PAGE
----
So, now he is in the oval office, even though the majority of the People don't want him there and never voted for him. (An absolute fact, that even the most rabid Republican cannot deny, unless they think that 50,456,169 is a bigger number than 50,996,116)
The very first thing he does is to reinstitute a global gag order, foisting his personal beliefs and agenda on people who don't subscribe to either one. This will not stop any abortions. It has been illegal to use US Aid Money to perform an abortion for years. It will stop the clinics from being able to talk about them and accept US Aid. And, since a woman pregnant woman with AIDS must be able to ask about abortion, it will mean that the clinics will have to stop accepting US Aid. Since US Aid pays for most of the condoms that have been given away in these clinics, far from stopping any abortions this action will actually cause more unwanted pregnancies and so cause more abortions, as well as fueling the AIDS crisis.
And then look at the Cabinet this man, who claimed to be a moderate, a "compassionate conservative" has put together.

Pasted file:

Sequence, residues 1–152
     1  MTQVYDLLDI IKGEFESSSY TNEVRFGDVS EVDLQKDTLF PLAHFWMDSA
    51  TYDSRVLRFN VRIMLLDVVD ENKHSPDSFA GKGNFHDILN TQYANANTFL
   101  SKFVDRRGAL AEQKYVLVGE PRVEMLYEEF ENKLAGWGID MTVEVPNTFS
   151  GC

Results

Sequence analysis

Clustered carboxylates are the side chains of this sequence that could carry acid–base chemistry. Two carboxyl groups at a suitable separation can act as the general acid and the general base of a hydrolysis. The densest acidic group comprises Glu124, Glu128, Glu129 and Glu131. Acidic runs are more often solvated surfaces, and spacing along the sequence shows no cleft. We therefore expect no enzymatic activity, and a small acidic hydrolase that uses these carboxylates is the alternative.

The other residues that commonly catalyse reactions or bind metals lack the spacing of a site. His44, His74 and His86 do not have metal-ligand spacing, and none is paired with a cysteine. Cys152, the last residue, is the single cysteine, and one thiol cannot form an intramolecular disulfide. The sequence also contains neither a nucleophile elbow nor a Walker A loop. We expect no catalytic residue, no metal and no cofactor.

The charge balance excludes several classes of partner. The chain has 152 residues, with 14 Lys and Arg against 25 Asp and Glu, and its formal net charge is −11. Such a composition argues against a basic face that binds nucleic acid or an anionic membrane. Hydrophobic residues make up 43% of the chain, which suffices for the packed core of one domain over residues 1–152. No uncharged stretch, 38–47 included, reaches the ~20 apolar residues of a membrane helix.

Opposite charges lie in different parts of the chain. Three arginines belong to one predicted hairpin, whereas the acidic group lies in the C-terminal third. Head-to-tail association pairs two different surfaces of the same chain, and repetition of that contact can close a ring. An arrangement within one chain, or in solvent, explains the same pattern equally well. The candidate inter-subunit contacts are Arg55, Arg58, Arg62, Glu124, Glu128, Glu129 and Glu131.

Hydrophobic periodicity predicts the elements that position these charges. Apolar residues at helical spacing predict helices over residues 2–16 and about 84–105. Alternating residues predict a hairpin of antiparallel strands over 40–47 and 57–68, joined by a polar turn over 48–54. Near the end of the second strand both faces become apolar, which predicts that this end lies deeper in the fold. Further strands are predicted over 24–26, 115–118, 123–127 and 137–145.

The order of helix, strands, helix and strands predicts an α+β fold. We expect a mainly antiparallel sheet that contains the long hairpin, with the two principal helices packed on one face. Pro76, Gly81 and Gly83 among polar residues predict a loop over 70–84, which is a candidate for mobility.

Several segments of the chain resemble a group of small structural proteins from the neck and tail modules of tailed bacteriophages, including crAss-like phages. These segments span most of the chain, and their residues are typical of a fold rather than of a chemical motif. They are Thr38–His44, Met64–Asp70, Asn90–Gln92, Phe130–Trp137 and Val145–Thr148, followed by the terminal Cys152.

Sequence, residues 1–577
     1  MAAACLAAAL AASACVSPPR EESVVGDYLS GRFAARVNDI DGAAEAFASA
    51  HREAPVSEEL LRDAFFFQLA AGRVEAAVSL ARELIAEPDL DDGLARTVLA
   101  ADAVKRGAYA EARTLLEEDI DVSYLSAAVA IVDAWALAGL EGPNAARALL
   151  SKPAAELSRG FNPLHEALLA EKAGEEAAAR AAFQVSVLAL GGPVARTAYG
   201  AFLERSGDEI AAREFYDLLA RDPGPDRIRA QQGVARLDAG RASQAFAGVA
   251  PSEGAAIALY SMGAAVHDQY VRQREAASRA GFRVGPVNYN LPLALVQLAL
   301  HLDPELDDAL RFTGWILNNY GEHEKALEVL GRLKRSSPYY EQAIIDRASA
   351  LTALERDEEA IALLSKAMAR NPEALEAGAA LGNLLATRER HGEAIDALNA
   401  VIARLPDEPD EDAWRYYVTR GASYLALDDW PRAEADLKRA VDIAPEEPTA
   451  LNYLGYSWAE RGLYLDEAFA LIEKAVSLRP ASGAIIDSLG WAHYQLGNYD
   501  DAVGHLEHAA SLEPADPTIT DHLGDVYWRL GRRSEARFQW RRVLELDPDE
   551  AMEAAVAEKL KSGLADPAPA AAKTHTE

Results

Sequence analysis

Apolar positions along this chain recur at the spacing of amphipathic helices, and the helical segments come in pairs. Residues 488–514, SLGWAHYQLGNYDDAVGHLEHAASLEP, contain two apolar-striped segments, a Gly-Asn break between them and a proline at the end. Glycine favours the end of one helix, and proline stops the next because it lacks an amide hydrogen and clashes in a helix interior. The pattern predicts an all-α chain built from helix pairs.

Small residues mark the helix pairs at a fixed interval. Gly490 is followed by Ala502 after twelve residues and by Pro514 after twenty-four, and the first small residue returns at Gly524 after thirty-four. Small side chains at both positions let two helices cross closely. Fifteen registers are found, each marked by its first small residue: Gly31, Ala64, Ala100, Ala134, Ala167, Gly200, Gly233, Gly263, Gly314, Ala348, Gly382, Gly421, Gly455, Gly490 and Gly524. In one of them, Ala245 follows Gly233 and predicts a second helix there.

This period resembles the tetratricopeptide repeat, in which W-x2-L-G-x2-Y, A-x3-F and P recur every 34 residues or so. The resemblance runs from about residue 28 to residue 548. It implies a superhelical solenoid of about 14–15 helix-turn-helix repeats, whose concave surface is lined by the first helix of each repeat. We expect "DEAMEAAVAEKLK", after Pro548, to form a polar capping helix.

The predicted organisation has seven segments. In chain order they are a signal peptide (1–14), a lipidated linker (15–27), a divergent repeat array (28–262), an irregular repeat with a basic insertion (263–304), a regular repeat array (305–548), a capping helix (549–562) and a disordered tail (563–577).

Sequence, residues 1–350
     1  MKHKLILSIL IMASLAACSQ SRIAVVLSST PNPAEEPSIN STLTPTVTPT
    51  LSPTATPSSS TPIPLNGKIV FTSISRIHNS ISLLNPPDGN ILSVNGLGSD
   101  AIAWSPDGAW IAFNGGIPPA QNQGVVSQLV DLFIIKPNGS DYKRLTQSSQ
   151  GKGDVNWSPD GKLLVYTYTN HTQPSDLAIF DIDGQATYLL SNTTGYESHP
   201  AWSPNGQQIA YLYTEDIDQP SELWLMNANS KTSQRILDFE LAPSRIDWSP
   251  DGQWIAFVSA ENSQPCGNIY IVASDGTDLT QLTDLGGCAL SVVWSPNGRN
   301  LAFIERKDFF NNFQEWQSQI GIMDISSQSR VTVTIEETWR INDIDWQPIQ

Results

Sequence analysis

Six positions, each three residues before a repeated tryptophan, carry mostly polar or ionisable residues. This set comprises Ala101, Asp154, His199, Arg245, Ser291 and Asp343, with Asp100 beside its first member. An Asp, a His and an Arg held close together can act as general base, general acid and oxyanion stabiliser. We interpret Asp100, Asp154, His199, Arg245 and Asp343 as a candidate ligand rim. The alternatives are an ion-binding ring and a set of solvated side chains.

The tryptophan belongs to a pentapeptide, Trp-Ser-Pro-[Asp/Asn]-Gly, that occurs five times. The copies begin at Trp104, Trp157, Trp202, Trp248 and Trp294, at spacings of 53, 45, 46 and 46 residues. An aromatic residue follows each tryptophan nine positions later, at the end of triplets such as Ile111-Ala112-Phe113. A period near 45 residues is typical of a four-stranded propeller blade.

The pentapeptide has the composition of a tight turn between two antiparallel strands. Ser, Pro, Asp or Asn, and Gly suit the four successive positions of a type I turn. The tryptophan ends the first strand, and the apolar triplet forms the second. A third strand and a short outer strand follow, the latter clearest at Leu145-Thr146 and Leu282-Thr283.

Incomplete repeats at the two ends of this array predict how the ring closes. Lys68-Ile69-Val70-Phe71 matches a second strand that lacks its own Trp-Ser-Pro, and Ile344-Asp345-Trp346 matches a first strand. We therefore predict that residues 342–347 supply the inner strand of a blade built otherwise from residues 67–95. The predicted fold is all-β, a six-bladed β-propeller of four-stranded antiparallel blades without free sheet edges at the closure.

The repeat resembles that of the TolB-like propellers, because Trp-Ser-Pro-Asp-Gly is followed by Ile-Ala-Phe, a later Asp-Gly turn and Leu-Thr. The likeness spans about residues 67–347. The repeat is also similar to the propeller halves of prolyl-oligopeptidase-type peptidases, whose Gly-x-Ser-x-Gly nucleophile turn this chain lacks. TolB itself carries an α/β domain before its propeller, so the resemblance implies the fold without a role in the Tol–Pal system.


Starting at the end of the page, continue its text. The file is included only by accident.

For Secretary of State, Colin Powell. The man who brought you the cover-up of the Mai Li massacre, and who notes in his memoirs that he habitually shot unarmed civilians because they were military aged males, and had the bad sense to move when he was firing at their feet from a helicopter platform.
For Attorney General, John Ashcroft, an avowed Ultra Conservative who has written papers glorifying the Confederacy, and who has a long record of fighting integration, fighting equal rights, fighting abortion for any reason, fighting against any recognition that gay people are human. In short, this man has a deep and abiding hatred for anyone who isn't white, male, Protestant and straight. And he is now lying through his teeth, and claiming that the fact that he has never yet given a fair hearing to anyone else won't make any difference. Even if he meant it, which I don't believe for a moment, he couldn't do it. He really thinks that black people are inferior mentally and ethically. He really thinks gay people are amoral. That has to enter into everything he does.
For Secretary of the Interior, Gale Norton, who has worked her entire life to overturn any law that would protect the environment, and is also far to the right of center politically.